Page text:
An Image on Paper

Fox Henry Talbot, an English inventor from the mid-19th century didn't invent photography.  That's credited to two Frenchman, Joseph Nicéphore Niépce and Louis Daguerre, who created a very grainy rooftop image from Paris, the first positive photograph.  Daguerre would go on to create the now famous, daguerreotype, aptly named after himself, in which a copper plate is iodized, sensitized with silver, exposed and developed in mercury vapor.  What you get is a positive image, a one-off. No negative. What Talbot did, was create photography as we know it today. The negative/positive process, by which a reversed image is created by exposure and any number of prints can be made from that negative.  That's when photography was born. His process was coined a calotype, sometimes referred to as a Talbotype. Understanding what he had Talbot promptly patented his new invention, which required anyone using his techniques to pay him a royalty fee. Sounds a bit familiar.  Because of this, and the fact that paper doesn't yield a very sharp image, other inventors were fast searching for alternative means of capturing life's likeness. And then in the early 1850's a brilliant french photographer, Gustave Le Gray, made improvements to Talbot's design rendering his patent useless as well as bettering the Englishman's process.  Seeing the limitations in the calotype, Gray then developed what's called wet collodion, whereby glass is used as a film base rather than paper. This does two things, creates faster film speed and very sharp images. Virtually overnight both the daguerreotype and the calotype were made obsolete. The wet plate collodion process would reign supreme for the next fifty years, until New York businessman George Eastman would setup a little photography shop in upper state New York named Kodak. See, that wasn't so bad.  My project follows Talbot in that I designed and built a sliding box camera similar to what he was using, but I'm actually doing Le Gray's calotype process instead. It's a bit more stable. Here's a breakdown of my first process.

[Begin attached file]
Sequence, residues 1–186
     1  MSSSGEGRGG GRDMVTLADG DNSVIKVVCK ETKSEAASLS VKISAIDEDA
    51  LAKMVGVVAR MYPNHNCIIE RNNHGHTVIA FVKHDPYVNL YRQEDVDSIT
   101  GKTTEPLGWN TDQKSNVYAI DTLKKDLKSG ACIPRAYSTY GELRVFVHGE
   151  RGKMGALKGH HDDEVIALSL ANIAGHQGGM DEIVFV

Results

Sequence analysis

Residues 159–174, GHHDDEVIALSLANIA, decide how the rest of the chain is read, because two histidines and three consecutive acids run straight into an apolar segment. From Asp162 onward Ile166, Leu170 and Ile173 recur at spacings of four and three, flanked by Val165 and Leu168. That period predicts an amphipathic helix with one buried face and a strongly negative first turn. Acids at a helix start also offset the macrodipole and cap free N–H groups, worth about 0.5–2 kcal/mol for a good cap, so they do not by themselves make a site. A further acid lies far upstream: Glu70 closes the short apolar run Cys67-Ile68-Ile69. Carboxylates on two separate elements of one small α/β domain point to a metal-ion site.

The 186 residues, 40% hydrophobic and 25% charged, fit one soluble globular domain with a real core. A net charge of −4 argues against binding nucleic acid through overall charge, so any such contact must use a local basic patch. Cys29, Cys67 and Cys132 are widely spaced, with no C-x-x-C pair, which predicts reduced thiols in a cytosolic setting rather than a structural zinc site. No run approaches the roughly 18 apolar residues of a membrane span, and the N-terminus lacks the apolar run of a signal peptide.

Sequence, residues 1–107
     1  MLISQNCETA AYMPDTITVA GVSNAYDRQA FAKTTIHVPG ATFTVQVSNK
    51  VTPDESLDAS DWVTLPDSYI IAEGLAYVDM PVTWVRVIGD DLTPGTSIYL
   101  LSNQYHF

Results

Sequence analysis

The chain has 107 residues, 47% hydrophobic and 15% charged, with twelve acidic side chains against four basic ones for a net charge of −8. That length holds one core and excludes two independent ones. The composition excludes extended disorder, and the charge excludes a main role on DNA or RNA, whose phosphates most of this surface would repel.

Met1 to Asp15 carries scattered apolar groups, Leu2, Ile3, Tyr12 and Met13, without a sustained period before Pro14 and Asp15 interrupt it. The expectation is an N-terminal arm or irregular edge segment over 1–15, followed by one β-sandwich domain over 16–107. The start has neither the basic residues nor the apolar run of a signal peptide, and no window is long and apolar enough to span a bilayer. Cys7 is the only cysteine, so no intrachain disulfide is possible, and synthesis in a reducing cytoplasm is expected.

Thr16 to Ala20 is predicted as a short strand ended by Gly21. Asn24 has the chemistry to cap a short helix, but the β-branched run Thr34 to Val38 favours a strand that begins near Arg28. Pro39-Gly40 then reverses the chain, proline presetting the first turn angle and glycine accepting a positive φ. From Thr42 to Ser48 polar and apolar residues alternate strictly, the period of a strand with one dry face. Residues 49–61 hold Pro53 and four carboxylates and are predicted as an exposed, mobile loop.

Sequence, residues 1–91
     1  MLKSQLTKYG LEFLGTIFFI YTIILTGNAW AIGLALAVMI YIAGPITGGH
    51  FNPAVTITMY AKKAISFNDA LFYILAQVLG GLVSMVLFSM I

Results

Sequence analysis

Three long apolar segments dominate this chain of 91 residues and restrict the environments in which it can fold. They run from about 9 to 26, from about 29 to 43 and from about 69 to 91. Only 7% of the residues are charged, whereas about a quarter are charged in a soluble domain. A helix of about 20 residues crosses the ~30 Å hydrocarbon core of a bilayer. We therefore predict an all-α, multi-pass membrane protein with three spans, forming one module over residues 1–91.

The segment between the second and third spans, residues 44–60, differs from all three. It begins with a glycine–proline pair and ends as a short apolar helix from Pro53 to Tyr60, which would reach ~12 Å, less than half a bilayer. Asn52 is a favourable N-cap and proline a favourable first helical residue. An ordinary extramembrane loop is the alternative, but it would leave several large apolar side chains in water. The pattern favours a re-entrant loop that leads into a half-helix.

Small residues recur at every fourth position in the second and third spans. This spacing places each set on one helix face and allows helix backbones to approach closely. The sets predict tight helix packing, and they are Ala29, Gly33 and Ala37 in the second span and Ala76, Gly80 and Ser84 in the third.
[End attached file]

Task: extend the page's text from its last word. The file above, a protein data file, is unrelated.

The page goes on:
• Coat 20lbs architectural vellum in natural beeswax, iron clean soak the paper in a solution of potassium iodide, bromide, lactose and potato starch.

  • In a darkroom, soak this paper in a solution of silver nitrate and acetic acid (I'm using a 7% solution, or 7g silver nitrate to 100ml water).

  • Dry these in a dark place, and when dry load them into the film holder.

  • Expose under full sun, around f/16 at 8 minutes

  • Develop the exposed negative in a solution of gallic acid for over an hour. After which, fix the image in a solution of hyposulifite.

And voila, you have an image.  This is the very definition of slow photography. This whole process takes about two days.  And it's quite finicky.

So, on a bright bluebird day I set out to photograph the first negatives.  I chose a series of sea mounts just off Lands End in San Francisco.

I had photographed a traditional BW of them in years past and thought the scene would look good on a paper negative.  After hauling my box camera over a few cliffs, I set up and exposed for 16 minutes. The process isn't very light sensitive.  The second image was taken at a Golden Gate Bridge overlook. A classic San Francisco scene I thought would yield something interesting. Why only two images.  The film holder I built is mirrored, back-to-back spaces for each negative, like a traditional view camera film holder.

After getting back to the darkroom, I soaked these two waxed negatives in a gallic acid bath for over an hour.  They look straight out of 1850 if you ask me. What's interesting is like modern film these negatives were largely objective to produce. Meaning other than the scene and composition choices, there isn't much creative input.  The amount of variables is almost untestable, which is the point. Uncertainty adds to the creative nature of the medium. One of the things I so love about photography is the almost perfect merging of science and art. It can be so exacting in its need of certain variables to be constant, and yet at the same time those variables are producing something that speaks volumes.

The next four negatives I produced after these initial two have were all flops.  Bad chemistry, overexposure, chemical fogging, the unpredictable nature of it is both rewarding and utterly frustrating.

This is all about process, history and understanding the roots of something. It’s about slowing the down, getting dirty and feeling photography. It’s about designing, building and curiosity and connecting with the lost foundation of an art form. Maybe in the end It’s about maddening frustration and sheer joy of a thing.

Photography is the bratty little sibling of the art family. One of the only art mediums invented and driven by market forces rather than artistic drive. First portraiture, later snap-shots. Revolutionaries like Brady, Adams,Ray, Stieglitz, working on the fringes of both the photographic and art worlds developed it beyond that and into a means of deep expression. Regardless, the founders of the medium as well as its biggest investors saw it as a marketable commodity, not as a paint brush. It still is (thank you Steve Jobs).

So why venture back into the past. Because regardless of the financial reasons photography was first developed, it has far surpassed mere profit. This exploration in the past is as much about interesting processes and unpredictable results, as it is about history.

Scott MansfieldComment